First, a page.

The Royal Society

Supplementary material from "Twenty years of Big plant genera"

Posted on 2024-05-15 - 03:37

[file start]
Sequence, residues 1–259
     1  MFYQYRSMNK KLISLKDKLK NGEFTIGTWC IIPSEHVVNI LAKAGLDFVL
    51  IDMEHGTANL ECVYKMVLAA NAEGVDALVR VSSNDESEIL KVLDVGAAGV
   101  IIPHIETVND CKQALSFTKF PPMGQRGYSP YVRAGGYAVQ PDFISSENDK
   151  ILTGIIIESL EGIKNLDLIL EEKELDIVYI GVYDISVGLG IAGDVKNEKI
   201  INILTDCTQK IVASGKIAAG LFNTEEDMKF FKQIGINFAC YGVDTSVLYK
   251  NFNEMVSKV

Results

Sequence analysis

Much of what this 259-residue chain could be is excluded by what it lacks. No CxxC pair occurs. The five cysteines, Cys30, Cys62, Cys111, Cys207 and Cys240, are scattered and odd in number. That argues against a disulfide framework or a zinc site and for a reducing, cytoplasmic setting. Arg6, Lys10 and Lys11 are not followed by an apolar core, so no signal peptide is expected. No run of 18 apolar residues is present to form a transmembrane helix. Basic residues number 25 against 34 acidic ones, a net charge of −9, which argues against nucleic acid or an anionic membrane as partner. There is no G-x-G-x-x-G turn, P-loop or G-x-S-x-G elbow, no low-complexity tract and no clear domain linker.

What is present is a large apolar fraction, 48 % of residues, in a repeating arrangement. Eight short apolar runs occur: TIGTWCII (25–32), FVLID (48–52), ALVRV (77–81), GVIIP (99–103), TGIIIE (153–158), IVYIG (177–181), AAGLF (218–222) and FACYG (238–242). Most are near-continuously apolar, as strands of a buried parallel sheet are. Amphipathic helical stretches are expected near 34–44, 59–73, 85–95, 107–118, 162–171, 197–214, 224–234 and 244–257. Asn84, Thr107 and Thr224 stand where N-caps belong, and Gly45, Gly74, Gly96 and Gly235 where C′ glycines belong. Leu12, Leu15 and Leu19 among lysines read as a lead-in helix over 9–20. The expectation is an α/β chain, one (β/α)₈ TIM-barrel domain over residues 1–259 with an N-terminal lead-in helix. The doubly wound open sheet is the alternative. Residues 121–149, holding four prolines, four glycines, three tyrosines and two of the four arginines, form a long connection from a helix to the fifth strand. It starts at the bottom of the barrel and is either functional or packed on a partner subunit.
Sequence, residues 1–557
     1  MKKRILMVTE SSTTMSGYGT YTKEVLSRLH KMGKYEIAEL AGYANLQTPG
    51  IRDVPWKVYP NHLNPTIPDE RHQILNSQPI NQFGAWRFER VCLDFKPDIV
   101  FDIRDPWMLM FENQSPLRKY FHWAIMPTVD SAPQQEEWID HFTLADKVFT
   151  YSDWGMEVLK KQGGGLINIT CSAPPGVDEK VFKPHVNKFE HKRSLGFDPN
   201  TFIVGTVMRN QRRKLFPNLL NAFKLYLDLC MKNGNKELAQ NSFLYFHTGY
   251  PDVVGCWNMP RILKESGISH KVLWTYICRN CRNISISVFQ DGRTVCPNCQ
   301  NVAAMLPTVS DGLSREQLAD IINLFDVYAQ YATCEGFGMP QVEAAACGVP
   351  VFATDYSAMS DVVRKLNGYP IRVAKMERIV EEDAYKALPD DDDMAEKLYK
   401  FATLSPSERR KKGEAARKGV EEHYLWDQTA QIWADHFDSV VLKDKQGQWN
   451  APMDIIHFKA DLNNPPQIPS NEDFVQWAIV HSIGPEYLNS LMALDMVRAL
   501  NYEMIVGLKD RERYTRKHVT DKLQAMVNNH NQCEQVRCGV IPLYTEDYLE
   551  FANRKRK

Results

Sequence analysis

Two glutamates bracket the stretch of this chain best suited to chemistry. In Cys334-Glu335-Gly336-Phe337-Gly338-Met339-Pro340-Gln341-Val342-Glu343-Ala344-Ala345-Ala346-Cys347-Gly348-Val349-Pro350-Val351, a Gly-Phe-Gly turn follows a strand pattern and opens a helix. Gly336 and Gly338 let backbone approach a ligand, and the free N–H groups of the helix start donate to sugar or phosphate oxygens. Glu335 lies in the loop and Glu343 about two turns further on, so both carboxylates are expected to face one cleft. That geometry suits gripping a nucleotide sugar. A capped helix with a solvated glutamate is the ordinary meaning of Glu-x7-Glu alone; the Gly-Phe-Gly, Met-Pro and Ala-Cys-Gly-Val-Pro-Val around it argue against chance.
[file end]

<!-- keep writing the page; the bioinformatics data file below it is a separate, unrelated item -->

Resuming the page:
In 2004, David Frodin published a landmark review of the history and concepts of big plant genera. Two decades of taxonomic activity have taken place since, coinciding with a revolution in phylogenetics and taxonomic bioinformatics. Here we use data from the World Flora Online (WFO) to provide an updated list of big (greater than 500 species) and megadiverse (>1000 species) flowering plant genera and highlight changes since 2004. The number of big genera has increased from 57 to 86; today one of every four plant species is classified as a member of a big genus, with 14% in just 28 megadiverse genera. Most (71%) of the growth in big genera since 2000 is the result of new species description, not generic re-circumscription. More than 15% of all currently accepted flowering plant species described in the last two decades are in big genera, suggesting that groups previously considered intractable are now being actively studied taxonomically. Despite this rapid growth in big genera, they remain a significant yet understudied proportion of plant diversity. They represent a significant proportion of global plant diversity and should remain a priority not only for taxonomy but for understanding global diversity patterns and plant evolution in general.


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